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Indonesian Man Dies of Bird Flu; China Confirms Another H5N1 Case
posted by admin on 28/04/06
An Indonesian man died of the H5N1 strain of bird flu after coming into contact with his neighbor's infected chickens
An Indonesian man died of the H5N1 strain of bird flu after coming into contact with his neighbor's infected chickens, a senior health official said Friday, citing local laboratory tests.
Separately, China confirmed that an eight-year-old student has been infected with H5N1, the country's 18th case.
A swab and blood sample from the 30-year-old Indonesian man have been sent to a World Health Organization-sanctioned laboratory in Hong Kong for confirmation, said Hariadi Wibisono, a director at the Health Ministry. If confirmed, the man's death will raise Indonesia's human toll from H5N1 to 25, Mr. Wibisono said.
The eight-year-old Chinese girl from Suining, a city in the southwest province of Sichuan, showed symptoms of fever and pneumonia on April 16 and was being treated at a local hospital, the Health Ministry said in a statement posted on its Web site late Thursday.
Investigations show that poultry deaths were reported at her home before she got sick, the ministry said, without giving any more details on the outbreak.
People who came into close contact with the girl, surnamed Sun, have been put under medical observation and none have shown any abnormal symptoms, the ministry said.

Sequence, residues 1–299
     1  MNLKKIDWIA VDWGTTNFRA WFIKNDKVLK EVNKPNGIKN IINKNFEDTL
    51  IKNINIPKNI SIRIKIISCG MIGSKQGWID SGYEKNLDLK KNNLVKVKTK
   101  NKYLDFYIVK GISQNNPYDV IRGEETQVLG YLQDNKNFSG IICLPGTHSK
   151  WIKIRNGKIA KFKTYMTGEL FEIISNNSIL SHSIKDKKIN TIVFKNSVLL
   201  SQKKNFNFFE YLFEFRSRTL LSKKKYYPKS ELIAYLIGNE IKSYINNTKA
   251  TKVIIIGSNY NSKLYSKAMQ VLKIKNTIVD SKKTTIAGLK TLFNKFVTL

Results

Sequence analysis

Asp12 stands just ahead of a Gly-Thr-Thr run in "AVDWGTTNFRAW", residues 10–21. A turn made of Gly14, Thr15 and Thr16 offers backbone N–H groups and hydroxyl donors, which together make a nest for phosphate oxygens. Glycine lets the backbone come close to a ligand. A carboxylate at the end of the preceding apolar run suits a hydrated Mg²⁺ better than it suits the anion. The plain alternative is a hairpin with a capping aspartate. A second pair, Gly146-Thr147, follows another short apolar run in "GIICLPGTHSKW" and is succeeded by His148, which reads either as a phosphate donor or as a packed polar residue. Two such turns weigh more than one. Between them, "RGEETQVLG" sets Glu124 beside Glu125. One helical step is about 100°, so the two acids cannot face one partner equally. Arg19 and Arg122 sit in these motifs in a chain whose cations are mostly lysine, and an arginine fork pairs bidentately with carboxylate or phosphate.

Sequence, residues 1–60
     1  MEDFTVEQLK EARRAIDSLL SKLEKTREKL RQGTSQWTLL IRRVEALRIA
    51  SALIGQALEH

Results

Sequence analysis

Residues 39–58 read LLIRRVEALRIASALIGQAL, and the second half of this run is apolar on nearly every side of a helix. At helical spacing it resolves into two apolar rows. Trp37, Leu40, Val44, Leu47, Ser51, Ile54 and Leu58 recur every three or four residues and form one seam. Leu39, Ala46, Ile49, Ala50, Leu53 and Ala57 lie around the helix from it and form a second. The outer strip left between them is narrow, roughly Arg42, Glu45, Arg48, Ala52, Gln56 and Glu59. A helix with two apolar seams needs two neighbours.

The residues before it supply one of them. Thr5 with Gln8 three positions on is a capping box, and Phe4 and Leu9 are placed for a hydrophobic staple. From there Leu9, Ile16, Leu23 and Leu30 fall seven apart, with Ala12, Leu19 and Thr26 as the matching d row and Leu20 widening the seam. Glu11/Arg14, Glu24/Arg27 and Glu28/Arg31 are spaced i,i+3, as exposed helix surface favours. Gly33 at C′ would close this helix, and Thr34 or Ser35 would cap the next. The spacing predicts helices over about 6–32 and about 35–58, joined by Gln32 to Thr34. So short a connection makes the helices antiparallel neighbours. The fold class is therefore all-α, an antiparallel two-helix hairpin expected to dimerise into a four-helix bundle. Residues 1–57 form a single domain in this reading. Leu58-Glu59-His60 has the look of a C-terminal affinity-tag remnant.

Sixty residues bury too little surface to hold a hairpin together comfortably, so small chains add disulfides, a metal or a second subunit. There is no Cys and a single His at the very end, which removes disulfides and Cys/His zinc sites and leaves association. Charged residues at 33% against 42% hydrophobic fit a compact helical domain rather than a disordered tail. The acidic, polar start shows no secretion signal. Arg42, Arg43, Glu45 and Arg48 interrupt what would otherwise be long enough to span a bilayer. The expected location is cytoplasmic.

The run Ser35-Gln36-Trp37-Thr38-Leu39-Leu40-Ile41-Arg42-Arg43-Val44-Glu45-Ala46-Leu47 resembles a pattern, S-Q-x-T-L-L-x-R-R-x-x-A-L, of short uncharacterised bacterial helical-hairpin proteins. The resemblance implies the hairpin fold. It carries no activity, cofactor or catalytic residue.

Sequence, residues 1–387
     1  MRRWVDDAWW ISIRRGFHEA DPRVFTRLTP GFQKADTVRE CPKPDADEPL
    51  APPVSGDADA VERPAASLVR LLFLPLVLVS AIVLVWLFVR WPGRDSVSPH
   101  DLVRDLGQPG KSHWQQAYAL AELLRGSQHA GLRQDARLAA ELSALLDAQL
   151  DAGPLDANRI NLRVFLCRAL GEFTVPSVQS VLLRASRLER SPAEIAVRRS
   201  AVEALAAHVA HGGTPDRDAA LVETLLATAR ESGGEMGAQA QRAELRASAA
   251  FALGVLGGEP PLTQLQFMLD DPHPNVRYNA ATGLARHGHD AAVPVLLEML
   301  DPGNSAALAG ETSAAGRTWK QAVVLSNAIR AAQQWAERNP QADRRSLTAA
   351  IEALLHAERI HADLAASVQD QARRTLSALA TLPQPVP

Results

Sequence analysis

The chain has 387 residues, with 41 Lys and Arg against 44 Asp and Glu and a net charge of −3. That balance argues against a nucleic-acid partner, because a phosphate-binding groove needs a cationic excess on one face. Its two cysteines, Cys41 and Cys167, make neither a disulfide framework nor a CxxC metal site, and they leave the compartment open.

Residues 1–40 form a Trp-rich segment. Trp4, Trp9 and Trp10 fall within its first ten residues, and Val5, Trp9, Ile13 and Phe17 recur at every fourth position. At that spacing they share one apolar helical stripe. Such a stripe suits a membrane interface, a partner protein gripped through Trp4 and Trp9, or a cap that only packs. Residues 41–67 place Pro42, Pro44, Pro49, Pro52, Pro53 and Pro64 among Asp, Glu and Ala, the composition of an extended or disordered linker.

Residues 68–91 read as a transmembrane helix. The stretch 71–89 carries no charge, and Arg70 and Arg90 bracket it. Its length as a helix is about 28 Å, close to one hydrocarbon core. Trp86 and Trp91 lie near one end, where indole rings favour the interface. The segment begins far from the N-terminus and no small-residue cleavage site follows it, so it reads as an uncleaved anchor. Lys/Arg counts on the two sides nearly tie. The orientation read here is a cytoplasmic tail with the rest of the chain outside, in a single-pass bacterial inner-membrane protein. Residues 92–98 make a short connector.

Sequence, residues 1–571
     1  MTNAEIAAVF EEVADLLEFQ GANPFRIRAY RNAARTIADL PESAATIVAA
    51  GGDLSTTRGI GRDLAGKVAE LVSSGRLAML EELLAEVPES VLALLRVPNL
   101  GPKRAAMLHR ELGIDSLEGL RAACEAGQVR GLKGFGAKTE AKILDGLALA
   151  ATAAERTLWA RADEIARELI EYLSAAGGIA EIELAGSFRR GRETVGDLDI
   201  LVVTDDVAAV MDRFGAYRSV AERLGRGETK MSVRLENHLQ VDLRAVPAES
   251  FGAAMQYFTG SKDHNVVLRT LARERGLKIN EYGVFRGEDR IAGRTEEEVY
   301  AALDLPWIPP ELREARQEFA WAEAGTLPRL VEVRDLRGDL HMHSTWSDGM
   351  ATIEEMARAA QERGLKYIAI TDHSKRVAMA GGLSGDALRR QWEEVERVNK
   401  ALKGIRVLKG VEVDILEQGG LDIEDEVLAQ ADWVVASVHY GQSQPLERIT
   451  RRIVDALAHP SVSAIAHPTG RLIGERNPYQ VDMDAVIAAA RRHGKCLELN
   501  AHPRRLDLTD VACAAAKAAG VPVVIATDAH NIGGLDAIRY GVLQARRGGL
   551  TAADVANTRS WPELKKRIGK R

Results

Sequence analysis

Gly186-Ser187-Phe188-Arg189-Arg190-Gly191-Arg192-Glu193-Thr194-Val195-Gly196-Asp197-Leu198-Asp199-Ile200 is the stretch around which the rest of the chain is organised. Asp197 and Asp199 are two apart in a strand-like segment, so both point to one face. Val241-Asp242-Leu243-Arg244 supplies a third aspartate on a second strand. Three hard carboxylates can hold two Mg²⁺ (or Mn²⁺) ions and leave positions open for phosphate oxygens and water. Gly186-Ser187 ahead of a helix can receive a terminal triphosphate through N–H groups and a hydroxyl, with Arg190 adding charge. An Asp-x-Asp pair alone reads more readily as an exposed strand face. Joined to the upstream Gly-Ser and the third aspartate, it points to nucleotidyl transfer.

Lab tests have confirmed that Sun had been infected with the H5N1 strain of bird flu, which has killed at least 113 people world-wide, most after contact with sick or infected birds. Twelve of China's 18 cases have died.
Health experts have warned that the virus could mutate into a form easily passed between people, potentially sparking a pandemic.
Earlier this week, the ministry criticized some local health authorities for being too slow to report suspicious pneumonia cases, potentially an H5N1 infection, or even hiding some.
The ministry didn't speculate on the reasons behind such actions, although local authorities in China often avoid reporting incidents that could draw official attention and possible criticism or censure.
Copyright © 2006 Associated Press
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